The Forgotten Ones: When Relatives of Migrants Are Left Behind

Published Date: 
Mon, 10/14/2019 - 22:30
Country: 
Mali

When we talk about migration, we often focus on the migrants and the difficulties they encounter in their countries of origin, transit or destination. But what about their families? How do they cope with the pain of separation, disappearance, and sometimes the passing of their child, parent or spouse?

The psychosocial issues do not affect only the migrant but can also affect family members. For instance, the fact that a migrant is in a detention center and tortured by kidnappers to call relatives to ask them to pay a ransom can create psychological distress in the family members.

"From a clinical point of view, we can observe moderate or sometimes more severe psychic disorders in the migrant’s relatives who often develop sleep disorders, depressive or anxious behaviours, mood swings such as sadness, loneliness, loss of appetite, feelings of guilt, and anxiety attacks", says Gaia Quaranta Regional Mental Health and Psychosocial Support Coordinator at the International Organization for Migration (IOM).

In the night of Wednesday, July 3, 2019, the migrant detention center located in Tajoura, in Eastern Tripoli in Libya was the target of an air strike which killed more than 50 migrants. One of the migrants’ mother says: "I could not sleep at night, I was only thinking of him; and when my neighbor who has a television at home informed me about the attack, I spent the whole day crying".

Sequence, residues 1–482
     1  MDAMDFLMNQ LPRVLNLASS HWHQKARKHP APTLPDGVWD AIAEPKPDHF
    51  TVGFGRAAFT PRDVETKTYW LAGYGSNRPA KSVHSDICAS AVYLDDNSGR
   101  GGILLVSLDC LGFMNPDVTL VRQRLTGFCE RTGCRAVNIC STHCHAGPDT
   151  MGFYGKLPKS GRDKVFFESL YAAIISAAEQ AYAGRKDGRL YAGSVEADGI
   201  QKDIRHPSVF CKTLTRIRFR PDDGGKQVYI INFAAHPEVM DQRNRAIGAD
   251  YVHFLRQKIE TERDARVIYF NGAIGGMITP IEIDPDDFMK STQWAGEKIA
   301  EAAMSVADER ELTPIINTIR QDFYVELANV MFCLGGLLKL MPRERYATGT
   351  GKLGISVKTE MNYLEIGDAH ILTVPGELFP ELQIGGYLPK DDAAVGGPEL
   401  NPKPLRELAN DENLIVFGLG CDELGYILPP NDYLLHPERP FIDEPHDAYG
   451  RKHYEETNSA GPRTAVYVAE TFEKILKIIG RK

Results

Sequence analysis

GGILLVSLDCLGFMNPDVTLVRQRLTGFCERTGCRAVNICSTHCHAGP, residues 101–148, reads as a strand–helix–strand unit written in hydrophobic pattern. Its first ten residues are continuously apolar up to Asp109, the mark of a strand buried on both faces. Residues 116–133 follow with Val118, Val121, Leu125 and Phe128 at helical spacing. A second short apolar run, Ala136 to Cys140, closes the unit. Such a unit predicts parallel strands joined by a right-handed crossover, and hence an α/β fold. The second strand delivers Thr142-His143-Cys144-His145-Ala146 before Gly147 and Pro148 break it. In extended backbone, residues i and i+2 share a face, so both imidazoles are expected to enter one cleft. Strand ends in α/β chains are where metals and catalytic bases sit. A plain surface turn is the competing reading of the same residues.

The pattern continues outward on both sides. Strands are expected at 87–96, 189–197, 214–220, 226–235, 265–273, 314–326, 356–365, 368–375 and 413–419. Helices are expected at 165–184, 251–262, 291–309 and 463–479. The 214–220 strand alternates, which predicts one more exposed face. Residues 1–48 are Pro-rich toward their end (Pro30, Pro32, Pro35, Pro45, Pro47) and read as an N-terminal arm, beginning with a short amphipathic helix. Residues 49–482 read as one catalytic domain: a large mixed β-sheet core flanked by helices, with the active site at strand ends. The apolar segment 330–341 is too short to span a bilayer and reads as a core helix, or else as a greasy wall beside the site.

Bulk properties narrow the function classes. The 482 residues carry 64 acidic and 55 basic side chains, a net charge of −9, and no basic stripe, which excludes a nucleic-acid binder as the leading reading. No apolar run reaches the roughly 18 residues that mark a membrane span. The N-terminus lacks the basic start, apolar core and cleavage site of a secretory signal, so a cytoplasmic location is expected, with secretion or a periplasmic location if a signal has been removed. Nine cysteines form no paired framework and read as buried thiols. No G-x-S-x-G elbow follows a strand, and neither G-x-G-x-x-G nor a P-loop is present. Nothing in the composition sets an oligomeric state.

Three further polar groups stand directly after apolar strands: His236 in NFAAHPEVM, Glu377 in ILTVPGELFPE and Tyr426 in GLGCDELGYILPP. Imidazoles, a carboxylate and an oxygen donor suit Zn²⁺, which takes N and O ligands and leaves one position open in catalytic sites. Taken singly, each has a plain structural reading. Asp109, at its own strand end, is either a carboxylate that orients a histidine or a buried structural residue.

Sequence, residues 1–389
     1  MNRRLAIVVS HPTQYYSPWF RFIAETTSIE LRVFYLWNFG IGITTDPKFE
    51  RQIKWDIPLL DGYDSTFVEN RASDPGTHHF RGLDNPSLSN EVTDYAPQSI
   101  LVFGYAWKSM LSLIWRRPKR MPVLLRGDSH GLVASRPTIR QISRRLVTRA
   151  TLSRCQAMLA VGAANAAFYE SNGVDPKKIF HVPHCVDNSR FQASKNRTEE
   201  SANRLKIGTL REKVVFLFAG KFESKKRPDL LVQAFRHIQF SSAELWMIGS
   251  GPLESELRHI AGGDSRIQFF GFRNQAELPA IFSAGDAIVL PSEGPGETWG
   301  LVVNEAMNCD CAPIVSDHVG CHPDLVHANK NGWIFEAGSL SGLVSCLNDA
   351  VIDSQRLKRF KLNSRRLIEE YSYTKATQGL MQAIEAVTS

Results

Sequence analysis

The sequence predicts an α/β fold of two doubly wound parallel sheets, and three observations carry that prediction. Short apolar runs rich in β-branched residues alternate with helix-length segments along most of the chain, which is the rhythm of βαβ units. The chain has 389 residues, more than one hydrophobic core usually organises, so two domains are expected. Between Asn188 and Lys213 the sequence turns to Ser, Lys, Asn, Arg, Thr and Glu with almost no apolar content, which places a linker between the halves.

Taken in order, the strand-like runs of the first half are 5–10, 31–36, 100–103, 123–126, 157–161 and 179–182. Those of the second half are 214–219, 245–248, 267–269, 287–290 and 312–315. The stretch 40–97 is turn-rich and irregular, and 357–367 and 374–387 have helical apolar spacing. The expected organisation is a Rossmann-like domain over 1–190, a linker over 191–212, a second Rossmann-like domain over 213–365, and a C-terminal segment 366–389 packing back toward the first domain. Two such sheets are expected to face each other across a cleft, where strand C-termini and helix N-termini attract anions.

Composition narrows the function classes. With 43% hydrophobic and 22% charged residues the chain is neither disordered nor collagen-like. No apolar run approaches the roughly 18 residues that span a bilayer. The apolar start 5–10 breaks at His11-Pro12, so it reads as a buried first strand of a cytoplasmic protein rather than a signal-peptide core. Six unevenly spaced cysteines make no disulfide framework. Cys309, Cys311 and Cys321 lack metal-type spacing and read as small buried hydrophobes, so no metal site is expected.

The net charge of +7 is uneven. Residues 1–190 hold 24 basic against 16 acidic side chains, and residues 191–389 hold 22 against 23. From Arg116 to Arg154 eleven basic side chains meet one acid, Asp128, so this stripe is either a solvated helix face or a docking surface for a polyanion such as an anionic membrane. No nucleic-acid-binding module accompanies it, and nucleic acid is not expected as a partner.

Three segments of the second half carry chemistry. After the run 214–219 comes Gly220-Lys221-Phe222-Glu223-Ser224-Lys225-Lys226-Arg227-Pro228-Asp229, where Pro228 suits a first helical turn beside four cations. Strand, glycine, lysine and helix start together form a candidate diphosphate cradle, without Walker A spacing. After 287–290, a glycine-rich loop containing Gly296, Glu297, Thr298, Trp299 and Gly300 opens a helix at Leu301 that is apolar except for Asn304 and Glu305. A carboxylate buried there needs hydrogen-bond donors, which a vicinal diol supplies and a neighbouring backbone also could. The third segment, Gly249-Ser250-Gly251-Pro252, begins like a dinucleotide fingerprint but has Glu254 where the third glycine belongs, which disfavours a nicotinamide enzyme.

In Mali, as part of the EU-IOM Joint Initiative for Migrant Protection and Reintegration, IOM organizes family mediations to encourage family support of returned Malians.

Returning into a family after the traumatic experiences associated with irregular migration is not always easy. “You should go beyond the individual – the returned migrant – and consider what is going on in the family”, explains Gaia Quaranta.

“Family mediations help to recreate the bonds needed for a successful social reintegration. It’s a holistic approach that enables IOM to identify the needs of the returned migrant’s family, and their community of origin,” she adds.

“I am very happy to see my child again because he left without telling us exactly where he was going. Initially, I did not want to see him anymore, because we spent a lot of money to release him from prison. But when I saw the attack on TV, I started to worry about the fate of my child and other children. I forgive him, he can come home," says the mother of a migrant who participated in a family mediation.

Irregular migration can have devastating effects on loved ones. Through its Missing Migrants Project, IOM is currently conducting a pilot study with families searching for missing migrants along the Central Mediterranean Route. The results will provide much needed data and solutions that will better meet the information needs of loved ones, including the psychosocial support they need.